Laparoscopic sterilization/ovariectomy304 (13)2 (7)1 (0 - 3)5 (2 - 6.5)
Nose-sinus/polyp/septum surgery293 (10)5 (17)2 (0.5 - 4.5)4 (1.5 - 5.5)
Umbilical/epigastric/ cicatricalis hernia repair262 (8)1 (4)2 (1 - 3)6 (3.5 - 8)
Dental surgery248 (33)7 (29)4 (2.3 - 6)6 (4 - 8)
Mamma reduction/mastectomy245 (21)1 (4)1 (0.3 - 3.8)3.5 (2 - 7)
Mamma reconstruction/implants213 (14)0 (0)2 (1 - 3)4 (3 - 8)
Strabismus surgery202 (10)2 (10)2 (1 - 2.8)4 (1.3 - 7.8)
Scrotal surgery205 (25)2 (10)2 (0 - 4.8)3.5 (0.3 - 7)

Abbreviations: BAHA, bone-anchored hearing aid; CAT, combined approach tympanoplasty.

a Pain is assessed using a Numeric Rating Scale (NRS), range 0 (no pain at all) to 10 (worst pain imaginable). Moderate pain is defined as an NRS of 4 - 5, severe pain as an NRS 6 - 10. Beside pain intensity also pain interference (impact of pain on daily life activities, average of postoperative day 1 - 4) is shown.

b Values represent the number of patients per surgical procedure [missing data], No. (%), or median (25th - 75th percentile).

Pain scores after various surgical procedures on the fourth postoperative day. The box plots indicate worst pain since surgery on a Numeric Rating Scale (NRS) with 0 = no pain to 10 = worst imaginable pain. The 25th and 75th percentiles are indicated by the box edges. The 5th and 95th percentiles are presented by whiskers. The circle indicates outlier.
Figure 2. Pain scores after various surgical procedures on the fourth postoperative day. The box plots indicate worst pain since surgery on a Numeric Rating Scale (NRS) with 0 = no pain to 10 = worst imaginable pain. The 25th and 75th percentiles are indicated by the box edges. The 5th and 95th percentiles are presented by whiskers. The circle indicates outlier.

Univariate logistic regression analysis demonstrated that preoperative pain significantly predicts postoperative pain on the fourth day only after some well-defined procedures of day surgery (Table 3). The overall pooled odds ratio, including all types of surgery, was 4.45 (95% confidence interval 3.38 to 5.86, P < 0.001). For the post-hoc analyses assessing the impact of preoperative pain prevalence, 16 procedures were labeled as “high prevalence” and nine as “low prevalence”. When preoperative pain prevalence was added to the model, the odds ratio for high preoperative pain prevalence was 2.56 (1.75 to 3.73, P < 0.001) and the overall odds ratio of preoperative pain level decreased from 4.45 to 3.37 (2.52 to 4.51, P < 0.001).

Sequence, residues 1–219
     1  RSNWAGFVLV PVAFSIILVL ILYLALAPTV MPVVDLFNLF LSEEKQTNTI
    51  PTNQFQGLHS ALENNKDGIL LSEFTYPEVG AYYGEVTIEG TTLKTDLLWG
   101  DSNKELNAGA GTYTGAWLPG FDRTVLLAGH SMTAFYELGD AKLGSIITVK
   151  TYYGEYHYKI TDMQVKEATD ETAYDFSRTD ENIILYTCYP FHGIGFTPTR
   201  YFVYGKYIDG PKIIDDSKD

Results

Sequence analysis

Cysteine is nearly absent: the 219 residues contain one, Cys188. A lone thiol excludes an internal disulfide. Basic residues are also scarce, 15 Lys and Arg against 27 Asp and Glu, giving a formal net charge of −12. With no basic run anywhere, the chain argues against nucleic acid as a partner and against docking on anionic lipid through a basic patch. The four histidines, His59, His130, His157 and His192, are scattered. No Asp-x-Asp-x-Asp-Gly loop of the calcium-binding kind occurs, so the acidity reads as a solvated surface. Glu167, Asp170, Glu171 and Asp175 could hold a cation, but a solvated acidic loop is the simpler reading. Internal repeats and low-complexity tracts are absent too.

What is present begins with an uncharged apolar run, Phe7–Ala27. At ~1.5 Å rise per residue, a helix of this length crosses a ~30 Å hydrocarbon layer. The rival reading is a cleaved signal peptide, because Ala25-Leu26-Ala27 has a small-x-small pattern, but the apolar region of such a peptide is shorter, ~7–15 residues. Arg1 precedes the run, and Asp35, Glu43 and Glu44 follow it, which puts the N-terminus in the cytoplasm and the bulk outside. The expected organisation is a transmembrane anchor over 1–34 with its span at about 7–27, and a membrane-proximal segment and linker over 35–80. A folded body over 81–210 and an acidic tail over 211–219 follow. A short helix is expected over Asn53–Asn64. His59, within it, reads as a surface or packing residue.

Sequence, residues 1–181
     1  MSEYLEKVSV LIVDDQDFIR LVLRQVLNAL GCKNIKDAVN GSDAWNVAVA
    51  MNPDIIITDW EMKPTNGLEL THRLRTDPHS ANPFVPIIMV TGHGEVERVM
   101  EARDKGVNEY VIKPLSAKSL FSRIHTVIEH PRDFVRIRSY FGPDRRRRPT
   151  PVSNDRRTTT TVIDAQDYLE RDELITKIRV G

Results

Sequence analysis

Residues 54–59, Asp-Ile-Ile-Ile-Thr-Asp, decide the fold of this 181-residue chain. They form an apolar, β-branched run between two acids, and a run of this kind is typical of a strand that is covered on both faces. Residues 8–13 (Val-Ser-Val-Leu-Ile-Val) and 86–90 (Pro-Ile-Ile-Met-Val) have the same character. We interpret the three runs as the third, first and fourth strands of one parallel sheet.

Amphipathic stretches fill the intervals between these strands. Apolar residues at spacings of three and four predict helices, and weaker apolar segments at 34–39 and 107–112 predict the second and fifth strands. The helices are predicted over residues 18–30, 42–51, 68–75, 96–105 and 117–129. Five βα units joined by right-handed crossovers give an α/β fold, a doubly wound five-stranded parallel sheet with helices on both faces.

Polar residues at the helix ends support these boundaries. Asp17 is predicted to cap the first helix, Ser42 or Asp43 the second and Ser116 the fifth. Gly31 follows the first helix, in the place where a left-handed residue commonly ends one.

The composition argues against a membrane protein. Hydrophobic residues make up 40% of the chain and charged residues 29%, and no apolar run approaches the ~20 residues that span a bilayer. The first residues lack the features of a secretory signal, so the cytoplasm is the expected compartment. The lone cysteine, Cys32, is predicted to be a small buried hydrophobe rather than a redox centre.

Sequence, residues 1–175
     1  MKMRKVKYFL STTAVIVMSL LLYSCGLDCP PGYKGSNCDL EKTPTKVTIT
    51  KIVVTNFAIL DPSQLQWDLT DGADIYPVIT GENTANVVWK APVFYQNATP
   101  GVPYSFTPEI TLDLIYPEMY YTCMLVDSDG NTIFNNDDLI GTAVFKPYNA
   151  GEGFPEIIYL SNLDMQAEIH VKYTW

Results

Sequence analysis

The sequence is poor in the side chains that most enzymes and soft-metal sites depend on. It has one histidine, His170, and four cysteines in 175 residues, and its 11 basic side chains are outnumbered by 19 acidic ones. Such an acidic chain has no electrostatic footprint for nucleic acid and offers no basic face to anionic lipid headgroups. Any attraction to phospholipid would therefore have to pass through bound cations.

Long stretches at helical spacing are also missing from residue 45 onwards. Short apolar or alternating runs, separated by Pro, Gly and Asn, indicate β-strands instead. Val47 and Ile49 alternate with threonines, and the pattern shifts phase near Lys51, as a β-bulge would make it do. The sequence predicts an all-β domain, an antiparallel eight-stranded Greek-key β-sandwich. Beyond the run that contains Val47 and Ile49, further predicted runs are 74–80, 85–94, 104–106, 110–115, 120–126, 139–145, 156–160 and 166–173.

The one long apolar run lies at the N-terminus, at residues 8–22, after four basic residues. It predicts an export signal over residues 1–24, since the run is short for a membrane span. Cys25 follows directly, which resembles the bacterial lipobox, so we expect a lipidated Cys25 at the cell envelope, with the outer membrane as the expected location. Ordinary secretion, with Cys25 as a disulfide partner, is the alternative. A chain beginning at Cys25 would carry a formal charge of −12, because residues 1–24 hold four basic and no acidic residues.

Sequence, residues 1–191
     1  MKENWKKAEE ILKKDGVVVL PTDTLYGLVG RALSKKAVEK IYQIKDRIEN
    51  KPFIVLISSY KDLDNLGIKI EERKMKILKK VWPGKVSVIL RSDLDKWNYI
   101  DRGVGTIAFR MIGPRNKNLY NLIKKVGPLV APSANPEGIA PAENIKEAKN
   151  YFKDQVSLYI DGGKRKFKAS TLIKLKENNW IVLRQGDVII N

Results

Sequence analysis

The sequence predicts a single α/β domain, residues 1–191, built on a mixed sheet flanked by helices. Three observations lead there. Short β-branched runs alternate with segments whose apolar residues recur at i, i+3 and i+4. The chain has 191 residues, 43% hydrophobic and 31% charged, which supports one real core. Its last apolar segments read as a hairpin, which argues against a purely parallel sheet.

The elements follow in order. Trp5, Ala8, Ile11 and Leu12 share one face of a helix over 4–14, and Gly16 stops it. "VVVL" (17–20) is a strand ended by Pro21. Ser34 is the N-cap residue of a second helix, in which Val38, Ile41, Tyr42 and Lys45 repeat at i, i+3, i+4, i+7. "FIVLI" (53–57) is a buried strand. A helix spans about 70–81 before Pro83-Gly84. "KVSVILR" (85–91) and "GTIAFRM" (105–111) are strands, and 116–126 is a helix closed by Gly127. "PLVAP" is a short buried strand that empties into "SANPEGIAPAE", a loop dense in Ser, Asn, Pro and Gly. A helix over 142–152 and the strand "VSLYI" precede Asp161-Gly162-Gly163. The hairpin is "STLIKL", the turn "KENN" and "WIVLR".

Table 3. Preoperative Pain as Predictor of Moderate and Severe Acute Postoperative Paina,b
ProceduresNcOdds RatioCI (95%)P Value
LowerUpper
Arthroscopy knee/meniscectomy1464.151.6010.750.003d
(Sub) cutaneous surgery76 [1]4.971.6115.340.005d
Inguinal hernia repair72 [1]2.320.886.120.089
Cataract surgery/vitrectomy61 [1]96.835.851603.70.480.001d
Tendon, bursae, fascia surgery574.631.3016.580.018d
Bone surgery573.130.9310.460.065
Anal surgery511.560.504.900.448
Diagnostic laryngoscopy4920.502.41174.070.006d
Removal of osteosynthesis material4827.273.17234.930.003d
Hysteroscopy477.201.1345.960.037d
Lumpectomy42 [1]7.120.427118.890.172
Laparoscopic cholecystectomy41NC
Shoulder surgery414.240.9119.780.066
Mastoidectomy/CAT/BAHA415.330.6742.230.113
Dupuytren fasciotomy326.001.2528.840.025d
Brachytherapy32NC
Tympanoplasty/stapedectomy/ossicular chain reconstruction31 [1]30.022.10429.240.012d
Laparoscopic sterilization/ovariectomy301.000.0911.031.000
Nose-sinus/polyp/septum surgery290.8330.135.350.848
Umbilical/epigastric/cicatricalis hernia repair26NC
Dental surgery241.310.199.240.784
Mamma reduction/mastectomy240.390.044.150.436
Mamma reconstruction/implants2110.000.67149.040.095
Strabismus surgery20NC
Scrotal surgery202.200.2420.400.488

Abbreviations: BAHA, bone-anchored hearing aid; CAT, combined approach tympanoplasty; CI, confidence interval.

a Preoperative pain is defined as average pain over the past week, Numeric Rating Scale (NRS) > 3 (NRS 0 - 10). Postoperative pain is defined as pain at the moment of completing the questionnaire, postoperative day four, NRS > 3.

b NC = not calculable, because of the patients with postoperative pain at day four, all had either pain (Laparoscopic cholecystectomy) or no pain (brachytherapy, umbilical/epigastric/cicatricalic hernia repair, strabismus surgery) at baseline.